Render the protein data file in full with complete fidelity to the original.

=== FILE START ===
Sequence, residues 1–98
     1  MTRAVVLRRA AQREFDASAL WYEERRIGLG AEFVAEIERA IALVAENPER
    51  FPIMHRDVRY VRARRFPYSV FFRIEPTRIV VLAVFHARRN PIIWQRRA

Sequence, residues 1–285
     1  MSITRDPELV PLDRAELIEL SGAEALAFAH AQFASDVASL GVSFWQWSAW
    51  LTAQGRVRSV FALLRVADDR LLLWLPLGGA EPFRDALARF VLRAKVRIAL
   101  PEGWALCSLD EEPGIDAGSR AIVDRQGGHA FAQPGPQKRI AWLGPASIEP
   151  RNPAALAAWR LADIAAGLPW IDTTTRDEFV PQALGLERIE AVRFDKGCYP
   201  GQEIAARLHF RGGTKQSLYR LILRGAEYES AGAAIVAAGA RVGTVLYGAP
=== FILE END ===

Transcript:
Sequence, residues 1–98
     1  MTRAVVLRRA AQREFDASAL WYEERRIGLG AEFVAEIERA IALVAENPER
    51  FPIMHRDVRY VRARRFPYSV FFRIEPTRIV VLAVFHARRN PIIWQRRA

Sequence, residues 1–285
     1  MSITRDPELV PLDRAELIEL SGAEALAFAH AQFASDVASL GVSFWQWSAW
    51  LTAQGRVRSV FALLRVADDR LLLWLPLGGA EPFRDALARF VLRAKVRIAL
   101  PEGWALCSLD EEPGIDAGSR AIVDRQGGHA FAQPGPQKRI AWLGPASIEP
   151  RNPAALAAWR LADIAAGLPW IDTTTRDEFV PQALGLERIE AVRFDKGCYP
   201  GQEIAARLHF RGGTKQSLYR LILRGAEYES AGAAIVAAGA RVGTVLYGAP